Think of all the species from microscopic food chains to the tiny invertebrates, algae and on up that for the first time will have a life cycle that continues around the calendar! What will this do to the rest of the pond environment? What other plants might grow that couldn't grow before as they were waiting for an ingredient or a biological partner that helped them coexist but without which they could not exist? How do the organisms that survive or thrive change other plants/bugs/animals/fish in the local area around the pond? How does that change affect insects? How far does the effect travel beyond your pond? Think about it, the one pond in the whole area, at that altitude or similar altitudes, that has life year around!

It kind of blows your mind to think about it. It is kind of like dumping off a complex ecosystem (like a pond) on Mars, figuring out a way to keep it going in that environment (even via artificial means) and then seeing if the natural environment around it changes/adapts.


Interesting points! Maybe Bill Cody could weigh in on the short and long term consequences of year-round oxygen on the micro- and macro-organismal levels over time.
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#484993 - 01/05/18 08:55 PM Re: 8 acre pond at 10,000' - lots of aeration ?s [Re: canyoncreek]
wbuffetjr Online   content


Registered: 08/16/14
Posts: 847
Loc: in the mountains
Originally Posted By: canyoncreek
pictures are showing up at work but not at home. I have same browser and same plugins. I'll have to trouble shoot that some more.

Your pictures are awesome and the lack of snow indeed is eerie...

I was thinking about what you have succeeded in doing and it really is something that should be researched. Think about it, every year for a few thousand years if that lake was there, it froze over in the winter so that the majority of typical pond critters died. Then in 2018, for the first time there is a pond life cycle that extends through the winter.

Think of all the species from microscopic food chains to the tiny invertebrates, algae and on up from there that for the first time will have a life cycle that continues around the calendar! What will this do to the rest of the pond environment? What other plants might grow that couldn't grow before as they were waiting for an ingredient or a biological partner that helped them coexist but without which they could not exist? How do the organisms that survive or thrive change other plants/bugs/animals/fish in the local area around the pond? How does that change affect insects? How far does the effect travel beyond your pond? Think about it, the one pond in the whole area, at that altitude or similar altitudes, that has life year around!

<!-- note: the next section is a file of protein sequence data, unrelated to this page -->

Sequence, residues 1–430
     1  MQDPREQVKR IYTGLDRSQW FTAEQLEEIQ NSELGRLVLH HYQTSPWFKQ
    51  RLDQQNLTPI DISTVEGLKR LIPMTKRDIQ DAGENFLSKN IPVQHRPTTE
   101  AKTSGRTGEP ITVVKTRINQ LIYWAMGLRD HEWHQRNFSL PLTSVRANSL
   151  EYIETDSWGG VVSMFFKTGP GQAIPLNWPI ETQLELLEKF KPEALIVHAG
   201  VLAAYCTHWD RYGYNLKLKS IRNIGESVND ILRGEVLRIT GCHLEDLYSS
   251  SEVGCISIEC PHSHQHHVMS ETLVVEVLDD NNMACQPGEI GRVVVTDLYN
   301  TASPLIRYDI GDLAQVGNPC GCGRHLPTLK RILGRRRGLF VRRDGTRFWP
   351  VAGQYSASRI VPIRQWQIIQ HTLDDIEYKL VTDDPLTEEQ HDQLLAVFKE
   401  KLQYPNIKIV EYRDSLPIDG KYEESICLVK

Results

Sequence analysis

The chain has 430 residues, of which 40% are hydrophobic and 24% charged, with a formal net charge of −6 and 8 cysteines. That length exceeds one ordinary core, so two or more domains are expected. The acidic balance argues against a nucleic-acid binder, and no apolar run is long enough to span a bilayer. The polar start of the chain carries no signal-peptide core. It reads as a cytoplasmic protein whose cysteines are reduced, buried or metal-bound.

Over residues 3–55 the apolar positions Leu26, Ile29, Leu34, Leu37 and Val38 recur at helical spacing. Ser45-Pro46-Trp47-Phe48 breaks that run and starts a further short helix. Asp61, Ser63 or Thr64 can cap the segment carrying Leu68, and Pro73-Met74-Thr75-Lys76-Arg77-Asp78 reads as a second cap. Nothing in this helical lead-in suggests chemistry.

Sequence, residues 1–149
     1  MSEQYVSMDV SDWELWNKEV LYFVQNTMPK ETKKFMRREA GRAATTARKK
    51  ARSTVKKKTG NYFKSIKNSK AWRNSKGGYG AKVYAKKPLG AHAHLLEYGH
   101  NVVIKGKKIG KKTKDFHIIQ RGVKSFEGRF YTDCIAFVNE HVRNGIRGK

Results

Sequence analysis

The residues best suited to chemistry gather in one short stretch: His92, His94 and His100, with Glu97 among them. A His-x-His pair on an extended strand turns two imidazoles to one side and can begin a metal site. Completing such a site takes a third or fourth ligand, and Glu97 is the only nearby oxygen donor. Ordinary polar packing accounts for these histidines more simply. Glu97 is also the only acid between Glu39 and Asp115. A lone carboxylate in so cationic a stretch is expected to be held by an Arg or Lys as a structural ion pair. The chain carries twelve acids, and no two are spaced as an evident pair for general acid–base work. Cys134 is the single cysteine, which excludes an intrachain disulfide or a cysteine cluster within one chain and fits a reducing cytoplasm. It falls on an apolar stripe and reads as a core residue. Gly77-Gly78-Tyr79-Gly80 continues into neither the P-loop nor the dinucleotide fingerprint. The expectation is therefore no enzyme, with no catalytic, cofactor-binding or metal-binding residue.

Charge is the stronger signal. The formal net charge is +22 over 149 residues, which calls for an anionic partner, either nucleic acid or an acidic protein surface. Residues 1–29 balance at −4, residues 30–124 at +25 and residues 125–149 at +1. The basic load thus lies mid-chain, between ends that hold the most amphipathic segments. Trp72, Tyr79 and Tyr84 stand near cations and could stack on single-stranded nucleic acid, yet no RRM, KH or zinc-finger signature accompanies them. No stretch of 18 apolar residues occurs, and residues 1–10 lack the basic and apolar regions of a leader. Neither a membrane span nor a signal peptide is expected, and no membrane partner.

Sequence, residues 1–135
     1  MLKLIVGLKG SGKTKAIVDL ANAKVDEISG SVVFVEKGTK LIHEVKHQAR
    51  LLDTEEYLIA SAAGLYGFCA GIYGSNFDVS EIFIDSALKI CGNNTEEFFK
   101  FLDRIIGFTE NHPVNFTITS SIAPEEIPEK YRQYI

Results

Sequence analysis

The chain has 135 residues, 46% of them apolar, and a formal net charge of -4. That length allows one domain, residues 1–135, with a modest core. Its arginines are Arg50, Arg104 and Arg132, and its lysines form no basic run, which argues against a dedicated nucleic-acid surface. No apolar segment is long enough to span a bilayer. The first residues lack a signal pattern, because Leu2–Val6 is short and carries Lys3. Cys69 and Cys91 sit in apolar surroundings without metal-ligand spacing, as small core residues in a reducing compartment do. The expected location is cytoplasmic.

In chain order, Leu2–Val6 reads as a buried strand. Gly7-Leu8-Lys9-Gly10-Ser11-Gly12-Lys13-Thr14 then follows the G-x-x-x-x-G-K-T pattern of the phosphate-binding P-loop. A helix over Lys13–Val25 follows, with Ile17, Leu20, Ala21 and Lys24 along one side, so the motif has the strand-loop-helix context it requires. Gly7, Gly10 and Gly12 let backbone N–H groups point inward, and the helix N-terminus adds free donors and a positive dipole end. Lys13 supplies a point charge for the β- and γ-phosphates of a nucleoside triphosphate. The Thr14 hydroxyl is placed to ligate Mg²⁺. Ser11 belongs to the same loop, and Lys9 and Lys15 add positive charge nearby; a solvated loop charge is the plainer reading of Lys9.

It kind of blows your mind to think about it. It is kind of like dumping off a complex ecosystem (like a pond) on Mars, figuring out a way to keep it going in that environment (even via artificial means) and then seeing if the natural environment around it change/adapts.


Thanks Canyon!

I had never really thought about it like that. I guess most of the time I have just been so focused on getting the fish to live, the solar system, etc. I hadn't ever really considered some of the other more intricate results. I think about the lake and what is going on up there every single day and every day I think how interesting it is. You just added even more to ponder.

Only thing I would add is that not all the pond critters died every year. It SEEMS to be only the trout. The fatheads, leeches, scuds, etc are always there every year. Up to this point it has basically been like an extremely well established giant forage pond.

I just wish I already lived there so I could really dig into it like it deserves.
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#485012 - 01/06/18 09:05 PM Re: 8 acre pond at 10,000' - lots of aeration ?s [Re: wbuffetjr]
canyoncreek Offline


Registered: 05/07/13
Posts: 1860
Loc: West Michigan